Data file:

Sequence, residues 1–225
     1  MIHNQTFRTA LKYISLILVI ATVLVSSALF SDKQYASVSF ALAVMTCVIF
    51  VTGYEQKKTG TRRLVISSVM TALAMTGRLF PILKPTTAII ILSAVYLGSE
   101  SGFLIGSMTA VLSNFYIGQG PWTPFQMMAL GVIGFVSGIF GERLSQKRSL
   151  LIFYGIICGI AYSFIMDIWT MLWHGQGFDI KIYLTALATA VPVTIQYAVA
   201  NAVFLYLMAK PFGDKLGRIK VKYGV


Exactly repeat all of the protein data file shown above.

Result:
Sequence, residues 1–225
     1  MIHNQTFRTA LKYISLILVI ATVLVSSALF SDKQYASVSF ALAVMTCVIF
    51  VTGYEQKKTG TRRLVISSVM TALAMTGRLF PILKPTTAII ILSAVYLGSE
   101  SGFLIGSMTA VLSNFYIGQG PWTPFQMMAL GVIGFVSGIF GERLSQKRSL
   151  LIFYGIICGI AYSFIMDIWT MLWHGQGFDI KIYLTALATA VPVTIQYAVA
   201  NAVFLYLMAK PFGDKLGRIK VKYGV